225 hours of battery life on standby are quoted for the iPhone 5, with 8 hours 3G or LTE talk time, and 10 hours Wi-Fi usage. Though standby times have somehow been improved, it seems you’re still going to need to charge the iPhone 5 at least once a day. No real changes here.
Winner – Tie
Software and Apps
Apple say there’s an app for everything, and with the iOS App Store, that’s pretty much true. With over 700,000 different apps available in Apple’s store, there’s pretty much an app to cater for every potential need. From fitness to finance, arts to archaeology, you name it, there’s a shed load of apps for every possible niche. Gaming in particular is well served on the iPhone, with it more than a match for handhelds like the Nintendo 3DS or PS Vita these days. Just check out Infinity Blade 2 if you need convincing.
The iPhone 4S also features the much-publicised Siri voice control app. With it, you can search the web, set calendar reminder, dictate emails and much more with just your voice alone. In the US it’s a fully-featured service that has a giant database of details on local businesses and events. In the UK, it’s far less comprehensive in terms of what it can do, making it a bit of a novelty for the time being.
As for the iOS operating system itself, it’s incredibly easy to use and looks beautiful. It pretty much invented the grid-based app layout that everything from the Xbox 360 to Roku entertainment players have ripped off since. It is also however incredibly limited in terms of customisation, and if you’re a tinkerer who likes to get under the hood of his device and tweak every property and potential UI layout, it’s not a patch on Android.
The iPhone 5 ships with iOS 6, but with the iPhone 4S expected to get the OS update soon too, this one’s a tie. For the record, iOS 6 includes improvements such as a revamped Siri, Apple’s own mapping app, deep Facebook integration, cellular FaceTime calls, offline reading and iCloud synced tabs for Safari, and the new Passbook feature for holding card details and ticketing information, including select airline tickets.
Winner – Tie, as iPhone 4S will soon get iOS 6
Camera and Video Recording
Though its megapixel count of 8 isn’t any higher than the majority of top-tier smartphones the iPhone 4S’s imaging systems consistently deliver stunning results. Using a lens with an aperture of f/2.4, and combining that with clever HDR and Macro software, you get excellent still image results almost every time. A super-fast shutter speed that lets you snap multiple images directly after each other sweetens the deal, as do the many superb photography apps on the App Store. However, you can’t tweak sensitivity settings like white balance and exposure, which may irk pro photographers.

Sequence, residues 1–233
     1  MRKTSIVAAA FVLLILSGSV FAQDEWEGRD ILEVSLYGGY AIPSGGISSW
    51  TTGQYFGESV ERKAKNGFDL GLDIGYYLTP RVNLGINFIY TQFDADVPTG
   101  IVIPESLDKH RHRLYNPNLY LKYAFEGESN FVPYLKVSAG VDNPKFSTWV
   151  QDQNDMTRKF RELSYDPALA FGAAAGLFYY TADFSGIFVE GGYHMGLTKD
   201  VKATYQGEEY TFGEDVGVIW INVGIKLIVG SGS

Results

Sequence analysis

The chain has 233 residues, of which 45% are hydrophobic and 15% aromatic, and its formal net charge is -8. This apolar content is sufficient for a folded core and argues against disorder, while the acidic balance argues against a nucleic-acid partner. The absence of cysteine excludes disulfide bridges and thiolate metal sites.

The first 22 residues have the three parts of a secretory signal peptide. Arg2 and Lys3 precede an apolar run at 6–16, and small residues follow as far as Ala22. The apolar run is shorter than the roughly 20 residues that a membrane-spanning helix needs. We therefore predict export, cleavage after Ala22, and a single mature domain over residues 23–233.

1080p video recording with anti-shake functionality likewise returns brilliant results on the iPhone 4S, with the iMovie app letting you make a few simple edits on the go.
The iPhone 5 sees Apple’s imaging systems again improve, but not by a gigantic step. A dynamic low-light mode for better night time shooting is added to the above, with 5-element lens and f/2.4 aperture. There’s also a panorama shooting mode natively built into the camera app for the first time, with a 360-degree shot resulting in a giant 28 megapixel image. The A6 chip allows for faster photo capture too, as well as a smart filter for better colour matching and reduced noise. Share Photo Streams allow you to share photos with pals, and receive messages on your snaps too.
Winner – iPhone 5
Here’s the big point now working in the iPhone 4S’s favour. It gets a price drop in the wake of the iPhone 5 launch, with the 16GB model now selling directly from Apple at £449, unlocked . Add to this inevitable eBay sales and heavy network subsidies and you could pick yourself up a real bargain.
So far, only the entry level 16GB iPhone 5 price has been revealed. Unlocked, it’ll cost £529. That’s expensive, but network contract subsidies will see that initial outlay drop significantly.
Winner – iPhone 4S
There’s no denying that the iPhone 5 is a marked improvement over the iPhone 4S. As shown above, it improves upon its predecessor in almost every conceivable department. However, the iPhone 4S remains a remarkably good phone, and aside from 4G speeds and a slightly different form factor (one, we might add, that may not necessarily be to all tastes), the iPhone 5 launch hasn’t proved as significant an upgrade as we perhaps hoped. If you haven’t got an iPhone, the iPhone 5 is the obvious choice to buy here, but if you’re already rocking an iPhone 4S, there’s no obvious standout reason to upgrade. Those shopping on a budget also need not fret about opting for the iPhone 4S if money is tight; it doesn’t appear that you’ll be missing out on all that much by going for the older model